Monday, 13 February 2017

A quietish start to the year

Unfortunately not a great start to the year as I brought back an unwelcome guest from our lovely New Year mini cruise - a ghastly stomach bug!  So I missed a couple of meetings in the first week but did manage to attend a special one.  The first of many I am sure, we have started looking into the future for the Townhill Campus of UWTSD (formerly the Swansea Institute) now that they are building a new one on Fabian Way. Strictly speaking it's in Uplands ward but right on the corner with Townhill.  The next step will be to get together with those councillors, to take things further.

I got to both of my cabinet advisory committees.  In the
one on Education, we continue to look at ways to help all pupils avoid ending up leaving school with nothing on the horizon, be it a job, further education, or maybe a positive decision to take a year out.  I don't think for one moment any of us on that committee believe we are going to completely eradicate this issue which has been around for decades (probably a lot longer!)  But we can at least make some contribution to helping those who do not neatly fit in with what the education system currently offers.

Two council meetings, the monthly one but also a 'special'.  I feel quite privileged to be around now that Swansea appears to be on the cusp of great things (even better if the Swans manage to stay up!)  We were there to vote on the City Deal which if it comes to fruition, will bring £millions, and lots of jobs, into the region.  And what a great opportunity for all councillors to agree unanimously.

Interesting end to the month, and another first albeit it in a 'non' sort of way.  We should have had another special council, but it was no longer required.  However to adhere to the constitution the meeting couldn't be cancelled as such, so we were just told not to go!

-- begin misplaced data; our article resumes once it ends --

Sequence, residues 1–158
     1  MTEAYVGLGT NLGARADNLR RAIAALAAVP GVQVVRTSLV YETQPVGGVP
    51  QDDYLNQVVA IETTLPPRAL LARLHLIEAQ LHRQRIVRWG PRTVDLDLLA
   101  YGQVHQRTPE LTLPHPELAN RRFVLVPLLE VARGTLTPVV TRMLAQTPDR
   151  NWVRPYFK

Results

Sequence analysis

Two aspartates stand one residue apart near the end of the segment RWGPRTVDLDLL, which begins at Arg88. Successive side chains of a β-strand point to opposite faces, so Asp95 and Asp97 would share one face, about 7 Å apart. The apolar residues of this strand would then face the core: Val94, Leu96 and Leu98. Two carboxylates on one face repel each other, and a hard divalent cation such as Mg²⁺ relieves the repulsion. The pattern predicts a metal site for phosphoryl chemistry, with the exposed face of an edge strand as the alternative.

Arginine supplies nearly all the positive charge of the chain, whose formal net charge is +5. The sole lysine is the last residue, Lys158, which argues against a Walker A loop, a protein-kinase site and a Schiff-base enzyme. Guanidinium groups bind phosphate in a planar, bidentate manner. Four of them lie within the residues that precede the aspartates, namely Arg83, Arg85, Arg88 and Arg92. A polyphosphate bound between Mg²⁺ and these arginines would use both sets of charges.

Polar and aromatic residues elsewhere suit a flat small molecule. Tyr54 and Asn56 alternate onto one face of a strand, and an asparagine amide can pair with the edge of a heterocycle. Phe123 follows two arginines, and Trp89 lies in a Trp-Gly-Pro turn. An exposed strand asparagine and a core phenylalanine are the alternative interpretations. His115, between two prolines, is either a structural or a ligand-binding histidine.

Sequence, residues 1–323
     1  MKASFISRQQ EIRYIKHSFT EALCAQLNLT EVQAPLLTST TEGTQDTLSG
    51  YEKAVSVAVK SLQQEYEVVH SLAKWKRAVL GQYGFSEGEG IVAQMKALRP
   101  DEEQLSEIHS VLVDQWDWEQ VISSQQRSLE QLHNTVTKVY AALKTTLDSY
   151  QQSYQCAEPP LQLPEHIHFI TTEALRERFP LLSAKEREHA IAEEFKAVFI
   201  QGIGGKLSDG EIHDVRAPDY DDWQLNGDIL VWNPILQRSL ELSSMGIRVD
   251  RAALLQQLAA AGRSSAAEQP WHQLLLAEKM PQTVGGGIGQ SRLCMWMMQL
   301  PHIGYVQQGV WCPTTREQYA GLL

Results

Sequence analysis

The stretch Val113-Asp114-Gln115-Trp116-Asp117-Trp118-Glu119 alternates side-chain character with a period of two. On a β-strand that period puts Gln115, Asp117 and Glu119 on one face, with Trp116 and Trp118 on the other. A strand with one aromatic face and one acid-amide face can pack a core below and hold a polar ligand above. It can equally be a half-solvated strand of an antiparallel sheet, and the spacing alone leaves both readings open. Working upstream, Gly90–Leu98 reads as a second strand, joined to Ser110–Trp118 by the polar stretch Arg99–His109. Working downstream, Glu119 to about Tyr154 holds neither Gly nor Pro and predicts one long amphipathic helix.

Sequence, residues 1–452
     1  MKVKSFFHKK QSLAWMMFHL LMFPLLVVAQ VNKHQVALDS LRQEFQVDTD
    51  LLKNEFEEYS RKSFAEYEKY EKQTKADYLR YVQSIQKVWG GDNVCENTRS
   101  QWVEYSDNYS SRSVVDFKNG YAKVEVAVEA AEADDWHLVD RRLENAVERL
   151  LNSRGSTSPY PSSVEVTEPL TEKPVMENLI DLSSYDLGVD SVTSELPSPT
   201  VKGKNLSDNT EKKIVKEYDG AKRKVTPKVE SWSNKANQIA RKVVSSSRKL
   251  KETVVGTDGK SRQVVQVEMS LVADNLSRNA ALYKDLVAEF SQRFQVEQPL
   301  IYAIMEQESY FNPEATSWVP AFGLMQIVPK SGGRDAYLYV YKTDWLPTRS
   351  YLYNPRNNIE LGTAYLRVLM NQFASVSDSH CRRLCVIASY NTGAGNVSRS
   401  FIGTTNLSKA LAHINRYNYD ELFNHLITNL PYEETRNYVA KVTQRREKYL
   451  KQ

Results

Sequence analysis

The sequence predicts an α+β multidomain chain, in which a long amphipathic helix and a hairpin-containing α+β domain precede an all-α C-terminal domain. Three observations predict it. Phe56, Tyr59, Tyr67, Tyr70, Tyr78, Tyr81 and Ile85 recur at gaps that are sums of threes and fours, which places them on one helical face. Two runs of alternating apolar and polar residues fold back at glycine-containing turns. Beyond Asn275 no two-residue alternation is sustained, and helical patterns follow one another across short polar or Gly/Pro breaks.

Sunday, 8 January 2017

The End of Another Year

The month started with something wonderful - the turf cutting ceremony for the Mayhill Medical Centre.  This project has been in the offing since early 2000s so a long time coming, but hopefully the local residents will be pleased that the wait is now over.

Whilst I still had a smattering of the usual meetings such as Audit & Democratic Services, being December it was of course a fairly Christmassy month, Firstly me singing with Voices on the Hill both in St Nicholas church one week, then the church hall a week later.  Then following the termly governors meeting I went for the first time to Dylan Thomas School annual concert in St Peters - the talent that kids have never ceases to amaze me, but then us adults always do have a terrible habit of underestimating them.  And after council mid month we managed to get to the 'council' concert in St Marys, always worth going to.

And the month even finished with something wonderful when I discovered that the broken railings towards one end of Pantycelyn have finally been replaced with 'tidy' wooden posts, now matching up with the rest of the road.  Believe it or not my best Christmas present!


Tuesday, 6 December 2016

More Old & New and a bit in the middle!

November saw me having training on a new IT system where I could log my casework - it certainly looks good and should make it a lot easier to make sure the issue gets to the right officer, and in a timely fashion.

I continue to attend meetings to seek a solution to the tethered horses issue.  Making progress which is very encouraging as we are working with various groups who do not necessarily agree on the same approach and yet have still managed to come together.  As with many other projects I have been involved in I'd say watch this space!

At long last I have managed to have training on the mysteries of school data - how it's collated and what it all means.  Was actually more understandable than I thought but it helped that I already knew quite a lot of the terminology.